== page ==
Quake was twice as strong, but much slower than thought
Color figure showing the measured earthquake motions from GPS stations around South and Southeast Asia. The arrows indicate the magnitude of the measured offsets, up to an inch (25 mm) in southernmost India, though less than a centimeter for most of the stations. The red arrow that goes off the map represents a 14 centimeter displacement to the west on the island of Northern Sumatra. The blue lines are plate boundaries; the red dots along the boundary between the India and Burma plates are aftershocks of the Dec. 26 quake. Credit: Roland Burgmann/UC Berkeley
The Sumatra-Andaman earthquake that generated a deadly tsunami on Dec. 26 was stronger and slower than most seismologists thought, according to scientists at the University of California, Berkeley, the Wadia Institute of Himalayan Geology in India and the United States Geological Survey (U.S.G.S.).
Using data from global positioning system (GPS) stations around the Pacific and Indian oceans, including previously unavailable records from India, the team modeled the fault motions that would produce the observed static ground movements. They concluded that the quake was probably twice as strong as originally estimated - a magnitude 9.15 instead of 9.0 - and that much of the slippage along the fault probably took place more than half an hour after the initial quake and continued as long as three hours afterward.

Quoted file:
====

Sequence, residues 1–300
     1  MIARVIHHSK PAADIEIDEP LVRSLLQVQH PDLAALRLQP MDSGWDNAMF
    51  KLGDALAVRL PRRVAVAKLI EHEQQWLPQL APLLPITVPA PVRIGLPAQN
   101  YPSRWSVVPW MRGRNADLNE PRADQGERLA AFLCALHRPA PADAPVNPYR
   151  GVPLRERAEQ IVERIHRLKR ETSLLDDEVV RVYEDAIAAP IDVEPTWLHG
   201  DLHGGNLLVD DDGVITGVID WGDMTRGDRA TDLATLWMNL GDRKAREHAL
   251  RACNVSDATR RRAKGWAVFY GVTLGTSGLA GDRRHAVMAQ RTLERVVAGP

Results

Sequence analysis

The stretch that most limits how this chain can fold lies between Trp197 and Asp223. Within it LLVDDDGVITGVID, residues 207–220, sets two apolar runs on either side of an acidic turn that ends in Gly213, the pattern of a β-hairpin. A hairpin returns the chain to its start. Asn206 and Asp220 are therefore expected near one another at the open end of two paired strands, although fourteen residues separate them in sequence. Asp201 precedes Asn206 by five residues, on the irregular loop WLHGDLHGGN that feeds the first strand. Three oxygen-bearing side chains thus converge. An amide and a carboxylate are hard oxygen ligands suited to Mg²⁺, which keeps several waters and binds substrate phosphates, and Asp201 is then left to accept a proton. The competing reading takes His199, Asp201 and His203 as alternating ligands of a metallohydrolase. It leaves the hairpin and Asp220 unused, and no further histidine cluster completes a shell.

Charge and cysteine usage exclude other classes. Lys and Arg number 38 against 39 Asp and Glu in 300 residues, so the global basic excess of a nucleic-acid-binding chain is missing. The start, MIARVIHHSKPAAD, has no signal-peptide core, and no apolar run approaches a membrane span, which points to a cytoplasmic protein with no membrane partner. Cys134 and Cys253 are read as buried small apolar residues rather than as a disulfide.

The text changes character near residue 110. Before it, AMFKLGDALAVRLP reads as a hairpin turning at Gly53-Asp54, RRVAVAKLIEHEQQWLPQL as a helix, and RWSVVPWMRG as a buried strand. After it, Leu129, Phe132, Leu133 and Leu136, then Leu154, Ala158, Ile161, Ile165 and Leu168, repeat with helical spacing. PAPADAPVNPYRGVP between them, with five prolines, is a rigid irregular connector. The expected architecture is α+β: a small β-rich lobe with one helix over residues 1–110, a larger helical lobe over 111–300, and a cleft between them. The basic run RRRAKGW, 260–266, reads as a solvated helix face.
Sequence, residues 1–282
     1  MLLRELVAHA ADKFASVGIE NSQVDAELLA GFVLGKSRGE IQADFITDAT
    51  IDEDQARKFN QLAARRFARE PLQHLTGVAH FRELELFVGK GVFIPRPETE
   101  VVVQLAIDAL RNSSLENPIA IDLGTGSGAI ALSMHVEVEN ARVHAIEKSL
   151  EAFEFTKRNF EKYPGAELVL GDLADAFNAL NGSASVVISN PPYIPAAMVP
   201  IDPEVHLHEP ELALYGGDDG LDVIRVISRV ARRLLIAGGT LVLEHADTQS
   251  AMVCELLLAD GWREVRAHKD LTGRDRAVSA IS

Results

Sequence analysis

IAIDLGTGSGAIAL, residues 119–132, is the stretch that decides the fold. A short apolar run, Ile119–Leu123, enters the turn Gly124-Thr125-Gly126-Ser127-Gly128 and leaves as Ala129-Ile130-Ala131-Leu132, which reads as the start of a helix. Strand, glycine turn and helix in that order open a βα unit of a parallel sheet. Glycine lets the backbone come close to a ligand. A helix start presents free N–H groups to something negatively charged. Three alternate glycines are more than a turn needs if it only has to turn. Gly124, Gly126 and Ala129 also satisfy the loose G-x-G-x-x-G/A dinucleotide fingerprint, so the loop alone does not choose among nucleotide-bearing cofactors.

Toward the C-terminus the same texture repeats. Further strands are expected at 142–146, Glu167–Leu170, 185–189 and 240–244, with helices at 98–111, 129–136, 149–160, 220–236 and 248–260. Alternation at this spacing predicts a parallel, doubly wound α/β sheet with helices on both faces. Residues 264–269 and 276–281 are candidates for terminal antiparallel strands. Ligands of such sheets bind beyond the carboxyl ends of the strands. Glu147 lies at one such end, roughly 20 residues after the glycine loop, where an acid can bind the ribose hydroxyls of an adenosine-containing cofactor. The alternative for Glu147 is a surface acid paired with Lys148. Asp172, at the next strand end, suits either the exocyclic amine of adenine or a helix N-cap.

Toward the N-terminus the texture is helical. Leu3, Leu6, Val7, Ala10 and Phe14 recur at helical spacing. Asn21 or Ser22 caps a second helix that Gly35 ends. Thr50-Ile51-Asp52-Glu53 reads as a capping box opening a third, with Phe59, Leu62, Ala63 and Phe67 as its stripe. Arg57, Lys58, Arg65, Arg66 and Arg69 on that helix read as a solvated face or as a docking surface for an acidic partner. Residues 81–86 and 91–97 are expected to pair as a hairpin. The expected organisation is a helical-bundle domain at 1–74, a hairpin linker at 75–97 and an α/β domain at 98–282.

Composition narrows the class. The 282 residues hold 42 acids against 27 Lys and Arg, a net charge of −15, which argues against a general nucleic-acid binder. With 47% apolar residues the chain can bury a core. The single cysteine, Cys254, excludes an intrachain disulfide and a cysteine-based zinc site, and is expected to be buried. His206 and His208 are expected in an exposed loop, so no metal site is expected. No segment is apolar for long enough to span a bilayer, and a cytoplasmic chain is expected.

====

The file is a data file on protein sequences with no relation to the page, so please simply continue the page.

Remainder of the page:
Robert Sanders | EurekAlert!
New Study Will Help Find the Best Locations for Thermal Power Stations in Iceland
19.01.2017 | University of Gothenburg
Water - as the underlying driver of the Earth’s carbon cycle
17.01.2017 | Max-Planck-Institut für Biogeochemie
An important step towards a completely new experimental access to quantum physics has been made at University of Konstanz. The team of scientists headed by...
Yersiniae cause severe intestinal infections. Studies using Yersinia pseudotuberculosis as a model organism aim to elucidate the infection mechanisms of these...
Researchers from the University of Hamburg in Germany, in collaboration with colleagues from the University of Aarhus in Denmark, have synthesized a new superconducting material by growing a few layers of an antiferromagnetic transition-metal chalcogenide on a bismuth-based topological insulator, both being non-superconducting materials.
While superconductivity and magnetism are generally believed to be mutually exclusive, surprisingly, in this new material, superconducting correlations...
Laser-driving of semimetals allows creating novel quasiparticle states within condensed matter systems and switching between different states on ultrafast time scales
Studying properties of fundamental particles in condensed matter systems is a promising approach to quantum field theory. Quasiparticles offer the opportunity...
Among the general public, solar thermal energy is currently associated with dark blue, rectangular collectors on building roofs. Technologies are needed for aesthetically high quality architecture which offer the architect more room for manoeuvre when it comes to low- and plus-energy buildings. With the “ArKol” project, researchers at Fraunhofer ISE together with partners are currently developing two façade collectors for solar thermal energy generation, which permit a high degree of design flexibility: a strip collector for opaque façade sections and a solar thermal blind for transparent sections. The current state of the two developments will be presented at the BAU 2017 trade fair.
As part of the “ArKol – development of architecturally highly integrated façade collectors with heat pipes” project, Fraunhofer ISE together with its partners...
19.01.2017 | Event News
10.01.2017 | Event News
09.01.2017 | Event News
20.01.2017 | Awards Funding
20.01.2017 | Materials Sciences
20.01.2017 | Life Sciences